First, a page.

Walk this way
Sprawling, congested and polluted. These are three hallmarks of the city built for cars.
As the motor age dawned at the beginning of the 20th century, the car was a luxury item afforded by few. In Australia, the ascendancy of the car took time. There were, for instance, only 3,978 motor vehicles in all of New South Wales in 1911, and a survey of Sydney traffic in 1923 revealed that more than a third of all transportations were by horse-drawn vehicles. By 1955, car numbers had escalated to 153 passenger vehicles for every 1,000 Australians. By the end of 2013, according to the Australian Bureau of Statistics, this had surged to 568 per 1,000 people.
There can be no doubt that there is an upside to the automobile. Medium distance travel is more convenient and affordable in a car. The days of streets laden with horse manure are long gone. But, as John Steinbeck observed, cars “change the face of the countryside. They get their clatter into everything.” Part of that ‘clatter’ has been the loss of pedestrian-scale villages that has disconnected us from our communities.
Where people once walked, now they ride, and today, there are 60 million new cars added to the planet every year. Undeniably, these cars are bad for our health, and the health of the planet.
The fact that road transport generates toxic fumes and smog, and accounts for 13.2 per cent of Australia’s greenhouse gas emissions profile, is just the beginning.
As people have become more dependent on their cars, other public transport options such as trams, cable cars and light rail have disappeared forever. To “shoot through like a Bondi tram” is something few of us have seen in real life – although the recent extension to the Inner West Light Rail may signal the beginning of a light rail renaissance.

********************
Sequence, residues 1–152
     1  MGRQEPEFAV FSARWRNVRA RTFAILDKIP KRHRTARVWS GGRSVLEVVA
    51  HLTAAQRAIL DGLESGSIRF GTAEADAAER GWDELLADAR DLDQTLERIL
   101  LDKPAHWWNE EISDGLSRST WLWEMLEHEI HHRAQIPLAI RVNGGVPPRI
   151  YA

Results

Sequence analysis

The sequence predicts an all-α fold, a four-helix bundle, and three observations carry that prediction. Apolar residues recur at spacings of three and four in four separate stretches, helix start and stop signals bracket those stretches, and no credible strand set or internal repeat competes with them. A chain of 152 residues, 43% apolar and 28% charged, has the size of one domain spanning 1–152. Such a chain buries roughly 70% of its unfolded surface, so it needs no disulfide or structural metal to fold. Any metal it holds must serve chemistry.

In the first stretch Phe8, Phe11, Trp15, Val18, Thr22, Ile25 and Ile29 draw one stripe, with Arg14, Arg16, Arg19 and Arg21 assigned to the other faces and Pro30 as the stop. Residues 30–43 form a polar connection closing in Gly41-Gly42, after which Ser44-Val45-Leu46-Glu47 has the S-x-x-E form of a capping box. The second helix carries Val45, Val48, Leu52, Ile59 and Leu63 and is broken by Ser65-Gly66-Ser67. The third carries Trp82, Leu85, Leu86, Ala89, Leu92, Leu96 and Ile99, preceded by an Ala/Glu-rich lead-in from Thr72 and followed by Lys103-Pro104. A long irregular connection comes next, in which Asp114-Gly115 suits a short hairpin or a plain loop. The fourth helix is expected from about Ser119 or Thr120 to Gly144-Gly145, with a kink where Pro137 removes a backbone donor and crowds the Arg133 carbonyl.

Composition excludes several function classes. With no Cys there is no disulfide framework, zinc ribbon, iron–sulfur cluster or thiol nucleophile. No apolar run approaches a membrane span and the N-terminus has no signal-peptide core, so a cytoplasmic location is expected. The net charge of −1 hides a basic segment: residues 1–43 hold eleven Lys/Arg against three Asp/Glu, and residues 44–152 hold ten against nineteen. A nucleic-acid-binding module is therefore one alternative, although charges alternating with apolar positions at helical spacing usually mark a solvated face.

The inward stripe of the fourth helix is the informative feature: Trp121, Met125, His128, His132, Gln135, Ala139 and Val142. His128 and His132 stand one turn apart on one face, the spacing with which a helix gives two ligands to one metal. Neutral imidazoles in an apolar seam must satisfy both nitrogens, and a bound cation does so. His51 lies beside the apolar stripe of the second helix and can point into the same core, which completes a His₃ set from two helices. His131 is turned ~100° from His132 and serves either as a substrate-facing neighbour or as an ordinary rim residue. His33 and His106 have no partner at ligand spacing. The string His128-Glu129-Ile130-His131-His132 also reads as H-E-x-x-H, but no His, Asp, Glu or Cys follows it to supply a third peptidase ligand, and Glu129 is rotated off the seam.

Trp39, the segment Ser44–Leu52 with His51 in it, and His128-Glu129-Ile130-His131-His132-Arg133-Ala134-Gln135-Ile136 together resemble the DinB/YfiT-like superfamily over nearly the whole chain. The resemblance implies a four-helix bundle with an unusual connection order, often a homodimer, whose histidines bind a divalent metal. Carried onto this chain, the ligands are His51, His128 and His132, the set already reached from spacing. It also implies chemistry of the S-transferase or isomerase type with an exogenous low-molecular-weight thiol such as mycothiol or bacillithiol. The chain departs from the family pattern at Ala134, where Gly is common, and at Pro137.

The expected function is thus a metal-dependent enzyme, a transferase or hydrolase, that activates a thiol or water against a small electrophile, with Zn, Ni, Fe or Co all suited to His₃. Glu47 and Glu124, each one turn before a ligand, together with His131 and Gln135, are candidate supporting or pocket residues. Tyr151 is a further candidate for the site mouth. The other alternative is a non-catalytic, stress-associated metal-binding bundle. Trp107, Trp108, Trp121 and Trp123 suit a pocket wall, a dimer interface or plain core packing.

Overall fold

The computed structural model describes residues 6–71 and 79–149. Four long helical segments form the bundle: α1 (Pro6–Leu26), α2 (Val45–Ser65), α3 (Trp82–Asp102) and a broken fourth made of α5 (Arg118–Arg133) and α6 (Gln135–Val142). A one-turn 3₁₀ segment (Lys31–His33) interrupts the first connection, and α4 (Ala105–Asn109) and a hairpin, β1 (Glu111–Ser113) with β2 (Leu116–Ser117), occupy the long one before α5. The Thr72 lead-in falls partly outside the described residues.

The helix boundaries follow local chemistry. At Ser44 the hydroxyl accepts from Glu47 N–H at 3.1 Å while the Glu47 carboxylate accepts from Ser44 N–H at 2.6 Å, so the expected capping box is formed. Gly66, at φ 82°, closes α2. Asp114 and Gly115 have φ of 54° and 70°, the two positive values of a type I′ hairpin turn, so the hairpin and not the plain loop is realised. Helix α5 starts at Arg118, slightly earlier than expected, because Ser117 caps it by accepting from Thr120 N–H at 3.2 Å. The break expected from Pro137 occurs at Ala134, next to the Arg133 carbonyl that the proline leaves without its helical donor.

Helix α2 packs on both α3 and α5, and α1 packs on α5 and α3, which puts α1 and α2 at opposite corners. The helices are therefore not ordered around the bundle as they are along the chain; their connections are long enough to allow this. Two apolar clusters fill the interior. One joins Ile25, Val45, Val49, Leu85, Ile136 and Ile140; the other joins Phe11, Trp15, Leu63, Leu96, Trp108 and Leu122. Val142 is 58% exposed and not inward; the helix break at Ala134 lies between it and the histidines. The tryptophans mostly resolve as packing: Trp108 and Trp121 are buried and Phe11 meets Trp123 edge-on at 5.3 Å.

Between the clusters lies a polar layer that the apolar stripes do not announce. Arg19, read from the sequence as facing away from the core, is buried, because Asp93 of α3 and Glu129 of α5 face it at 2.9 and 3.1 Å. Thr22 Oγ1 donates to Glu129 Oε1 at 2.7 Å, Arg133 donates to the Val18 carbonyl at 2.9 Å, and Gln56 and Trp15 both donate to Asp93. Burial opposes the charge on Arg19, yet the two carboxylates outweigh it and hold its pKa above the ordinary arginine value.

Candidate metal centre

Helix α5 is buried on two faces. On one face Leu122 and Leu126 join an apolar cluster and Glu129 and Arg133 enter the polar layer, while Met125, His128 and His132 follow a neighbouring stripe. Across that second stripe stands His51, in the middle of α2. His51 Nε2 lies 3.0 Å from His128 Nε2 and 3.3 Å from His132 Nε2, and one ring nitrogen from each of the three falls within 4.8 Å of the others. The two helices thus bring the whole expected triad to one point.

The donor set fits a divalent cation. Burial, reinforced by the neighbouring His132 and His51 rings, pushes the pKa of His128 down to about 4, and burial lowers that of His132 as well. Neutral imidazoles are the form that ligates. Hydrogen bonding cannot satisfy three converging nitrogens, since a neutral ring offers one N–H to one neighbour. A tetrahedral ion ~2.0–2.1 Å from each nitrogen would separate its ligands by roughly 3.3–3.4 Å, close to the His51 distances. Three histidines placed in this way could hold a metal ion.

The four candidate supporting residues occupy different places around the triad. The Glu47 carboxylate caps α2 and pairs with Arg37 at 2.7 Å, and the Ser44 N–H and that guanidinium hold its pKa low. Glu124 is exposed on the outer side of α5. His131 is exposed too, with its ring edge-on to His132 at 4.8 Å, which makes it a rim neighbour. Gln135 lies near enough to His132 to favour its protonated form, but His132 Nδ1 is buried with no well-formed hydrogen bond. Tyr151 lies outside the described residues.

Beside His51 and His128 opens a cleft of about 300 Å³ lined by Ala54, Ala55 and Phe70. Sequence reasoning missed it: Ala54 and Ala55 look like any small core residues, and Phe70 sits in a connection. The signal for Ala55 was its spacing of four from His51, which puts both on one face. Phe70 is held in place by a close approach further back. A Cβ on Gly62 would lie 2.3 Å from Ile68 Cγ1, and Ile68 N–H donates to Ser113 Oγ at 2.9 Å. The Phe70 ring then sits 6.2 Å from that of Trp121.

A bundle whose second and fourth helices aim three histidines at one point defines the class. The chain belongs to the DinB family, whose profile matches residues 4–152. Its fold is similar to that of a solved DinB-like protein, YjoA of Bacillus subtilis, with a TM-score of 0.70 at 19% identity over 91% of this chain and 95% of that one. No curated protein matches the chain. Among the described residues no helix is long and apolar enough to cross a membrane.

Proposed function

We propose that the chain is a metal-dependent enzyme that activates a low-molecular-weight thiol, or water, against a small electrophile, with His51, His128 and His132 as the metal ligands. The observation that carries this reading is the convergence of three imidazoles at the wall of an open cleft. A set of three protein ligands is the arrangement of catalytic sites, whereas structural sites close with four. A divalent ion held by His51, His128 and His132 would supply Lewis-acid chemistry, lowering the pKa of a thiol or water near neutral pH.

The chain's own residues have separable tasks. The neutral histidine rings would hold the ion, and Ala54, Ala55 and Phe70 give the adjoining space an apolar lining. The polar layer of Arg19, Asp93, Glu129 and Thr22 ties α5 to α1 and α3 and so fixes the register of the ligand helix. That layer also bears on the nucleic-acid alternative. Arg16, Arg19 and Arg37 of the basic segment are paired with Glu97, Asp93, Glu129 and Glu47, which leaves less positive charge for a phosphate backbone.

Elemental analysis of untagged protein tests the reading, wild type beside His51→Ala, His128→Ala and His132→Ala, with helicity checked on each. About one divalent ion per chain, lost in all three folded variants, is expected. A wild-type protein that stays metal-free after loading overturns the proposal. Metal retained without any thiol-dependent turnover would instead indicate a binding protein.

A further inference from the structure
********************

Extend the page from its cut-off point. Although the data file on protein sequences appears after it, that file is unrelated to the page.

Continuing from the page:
As our rates of obesity, asthma and heart disease soar, we are beginning to understand how the built environment can either enhance or damage our health. Cars have encouraged an ‘obesogenic environment’ in which two-thirds of Australian adults and a quarter of Australian children are overweight or obese. Clearly this is not a sustainable way of living. VicHealth has found that children and older people living in the state’s growth areas – those most car-dependent – are more likely to be admitted to hospital with respiratory problems.
Our car-dependent cities are also damaging our national economy. As someone who regularly sits in traffic gridlock on Pittwater Road, I understand how congestion may cost the economy $20.4 billion a year by 2020. The Sustainable Australia report 2013 found that the average weekly travel time of workers has increased from three hours and 33 minutes in 2002 to four hours and eight minutes in 2011. Despite the extra time it takes, people are still choosing to commute by car - 65.8 per cent of people who went to work on Census Day 2011 travelled by car. A fraction went by train (3.8%), foot (3.7%) or bus (3.0%). The Walking, Riding and Access to Public Transport reportarticulates the Australian Government’s interest in supporting active travel in our communities, while the NSW Government recently hosted the inaugural FitNSW conference on creating supportive environments for active learning.
But, as former Mayor of Bogota, Enrique Peñalosa, has said: “a developed country is not a place where the poor have cars – it's where the rich ride public transportation.”
In The New Geography of Jobs, economist Enrico Moretti argues that a city’s public transport and economic success are interlinked, with high-value knowledge industries and the work habits of knowledge workers – who prefer to use their iPods on the train than sit behind the wheel for two hours each day – more suited to public transport. Economics writer Matt Wade recently observed that Australian cities like Sydney, “in which hundreds of thousands of workers make long commutes by car, are less likely to become innovation hubs. The lack of an effective, city-wide mass transit system threatens to stunt Sydney’s knowledge industries, which are the life-blood of the city’s economy.”